A US scientist who said she lied about being black will not be giving classes this semester, George Washington University has confirmed.
Jessica Krug, an adjunct professor whose work focuses on Africa and the African diaspora, admitted in a blog post that she was, in fact, a white Jewish woman from Kansas City.
The entry read: “I built my life on a violent anti-black lie.”
Her colleagues said they were “shocked and appalled” by her admission.
In a Medium post published Thursday, Ms. Krug said she falsely assumed identities “that I couldn’t claim: first North African blackness, then US rooted blackness, then Caribbean rooted Bronx blackness”.
In a statement, George Washington University said Ms. Krug would not be teaching, admitting “many students, faculties, staff and alumni are injured.” It was said to be “reviewing” the case.
Your employment status at the university is unknown. Ms. Krug did not comment.
- The white US professor says she lied because she was black
- Rachel Dolezal: “I identify as black”
What was the reaction?
Ms. Krug’s colleagues from the GWU Institute for History published a joint statement calling on her to resign from her post or to withdraw from the university.
“It has betrayed the trust of countless current and alumni, colleagues in Africana Studies, colleagues in our department and across the historical discipline, and community activists in New York City and beyond,” the statement said.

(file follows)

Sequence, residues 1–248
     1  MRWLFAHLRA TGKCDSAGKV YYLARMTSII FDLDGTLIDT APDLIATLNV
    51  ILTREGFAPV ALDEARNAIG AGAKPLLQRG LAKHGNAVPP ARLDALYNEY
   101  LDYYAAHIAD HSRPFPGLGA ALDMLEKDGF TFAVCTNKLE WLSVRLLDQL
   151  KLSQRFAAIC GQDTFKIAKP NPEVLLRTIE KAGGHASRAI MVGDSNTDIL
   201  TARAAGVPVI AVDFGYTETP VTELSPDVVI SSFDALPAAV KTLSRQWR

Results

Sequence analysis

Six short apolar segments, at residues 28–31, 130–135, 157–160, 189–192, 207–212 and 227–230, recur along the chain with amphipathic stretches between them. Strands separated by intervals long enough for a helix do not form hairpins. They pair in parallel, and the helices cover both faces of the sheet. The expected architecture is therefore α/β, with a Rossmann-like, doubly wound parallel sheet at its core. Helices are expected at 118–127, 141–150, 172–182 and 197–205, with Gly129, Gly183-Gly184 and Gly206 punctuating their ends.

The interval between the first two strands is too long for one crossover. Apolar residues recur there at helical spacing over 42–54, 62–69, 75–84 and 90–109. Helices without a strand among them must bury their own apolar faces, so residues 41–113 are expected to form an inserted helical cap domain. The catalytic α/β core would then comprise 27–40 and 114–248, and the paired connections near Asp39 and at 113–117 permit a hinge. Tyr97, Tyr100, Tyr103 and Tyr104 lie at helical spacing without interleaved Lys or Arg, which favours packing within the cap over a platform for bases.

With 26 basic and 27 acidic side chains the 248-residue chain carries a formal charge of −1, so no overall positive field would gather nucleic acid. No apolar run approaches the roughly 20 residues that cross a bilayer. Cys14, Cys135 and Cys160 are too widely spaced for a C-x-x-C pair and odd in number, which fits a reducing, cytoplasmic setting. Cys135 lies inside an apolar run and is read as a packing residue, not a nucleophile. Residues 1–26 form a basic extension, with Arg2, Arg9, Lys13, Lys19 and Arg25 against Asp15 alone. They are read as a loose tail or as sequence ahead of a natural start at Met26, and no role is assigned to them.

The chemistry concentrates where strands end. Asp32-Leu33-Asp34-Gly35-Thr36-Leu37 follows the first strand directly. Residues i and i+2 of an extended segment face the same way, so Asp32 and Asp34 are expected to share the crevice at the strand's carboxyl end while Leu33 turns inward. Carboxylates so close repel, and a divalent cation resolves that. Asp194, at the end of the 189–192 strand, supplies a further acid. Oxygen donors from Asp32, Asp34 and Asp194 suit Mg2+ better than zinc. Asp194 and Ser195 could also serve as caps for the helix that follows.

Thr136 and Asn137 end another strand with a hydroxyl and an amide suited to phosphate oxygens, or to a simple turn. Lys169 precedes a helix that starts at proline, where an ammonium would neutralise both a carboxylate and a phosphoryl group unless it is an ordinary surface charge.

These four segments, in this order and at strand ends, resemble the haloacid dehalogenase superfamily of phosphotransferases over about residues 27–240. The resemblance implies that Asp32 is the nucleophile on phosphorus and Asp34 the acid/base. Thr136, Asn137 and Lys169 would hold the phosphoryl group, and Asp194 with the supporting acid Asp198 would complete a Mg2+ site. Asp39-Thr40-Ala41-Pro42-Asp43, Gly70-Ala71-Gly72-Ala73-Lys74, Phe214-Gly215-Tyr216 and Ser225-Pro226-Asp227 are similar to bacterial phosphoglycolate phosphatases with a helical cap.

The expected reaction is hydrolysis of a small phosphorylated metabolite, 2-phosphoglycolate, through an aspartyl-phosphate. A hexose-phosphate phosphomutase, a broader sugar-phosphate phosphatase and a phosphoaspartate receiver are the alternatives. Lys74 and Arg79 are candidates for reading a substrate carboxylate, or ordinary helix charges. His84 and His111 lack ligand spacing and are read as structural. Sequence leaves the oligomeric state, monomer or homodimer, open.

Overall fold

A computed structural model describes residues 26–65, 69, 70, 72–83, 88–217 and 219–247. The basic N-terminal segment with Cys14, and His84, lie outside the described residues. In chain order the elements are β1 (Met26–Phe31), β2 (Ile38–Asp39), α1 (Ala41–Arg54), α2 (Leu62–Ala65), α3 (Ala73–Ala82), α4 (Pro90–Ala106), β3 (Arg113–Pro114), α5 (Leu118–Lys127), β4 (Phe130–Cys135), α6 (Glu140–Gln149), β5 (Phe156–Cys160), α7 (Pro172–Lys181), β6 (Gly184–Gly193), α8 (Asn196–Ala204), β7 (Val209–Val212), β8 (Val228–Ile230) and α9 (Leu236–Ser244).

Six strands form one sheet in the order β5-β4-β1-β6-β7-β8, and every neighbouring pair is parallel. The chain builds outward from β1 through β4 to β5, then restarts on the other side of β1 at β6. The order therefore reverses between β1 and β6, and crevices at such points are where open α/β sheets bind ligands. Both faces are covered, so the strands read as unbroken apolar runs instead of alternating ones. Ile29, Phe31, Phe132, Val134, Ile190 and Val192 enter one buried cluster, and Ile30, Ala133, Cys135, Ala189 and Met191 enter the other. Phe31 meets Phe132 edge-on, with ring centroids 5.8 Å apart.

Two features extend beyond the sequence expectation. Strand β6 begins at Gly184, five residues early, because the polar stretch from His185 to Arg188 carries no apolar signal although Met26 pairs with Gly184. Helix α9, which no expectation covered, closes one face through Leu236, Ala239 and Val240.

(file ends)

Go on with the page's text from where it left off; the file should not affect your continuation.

“The discipline of history is concerned with establishing the truth about the past. With her behavior, Dr. Krug has raised questions about the correctness of her own research and teaching.”
A GWU student who was due to begin Ms. Krug’s class on Latin American history on Monday told the Washington Post, “It just breaks my heart that these very bright-eyed students come in eager to hear about this Latin Heritage and Learning History We all trusted her very much. “
Ms. Krug’s academic work includes the book “Fugitive Modernities: Kisama and the Politics of Freedom”, published in 2018, which focuses on the politics and culture of African and African diaspora societies.
Her case shows strong parallels with racial activist Rachel Dolezal, a white woman who claimed to be black. After her parents left her in 2015, she said she “identified as black”.
What else did she say in the mail?
Ms. Krug described her behavior as “the epitome of violence, theft and appropriation, the myriad of ways non-blacks continue to use and abuse black identities and cultures”. She added that she continued the claim in her personal relationships as well.
She blamed her lies for mental health problems and trauma she experienced in her early years, although she said it was not an excuse for her actions.
According to media reports, Ms. Krug also used the name Jessica La Bombalera as an activist. In a video released earlier this year, she berated white New Yorkers for failing to “give their time to indigenous black and brown New Yorkers.”
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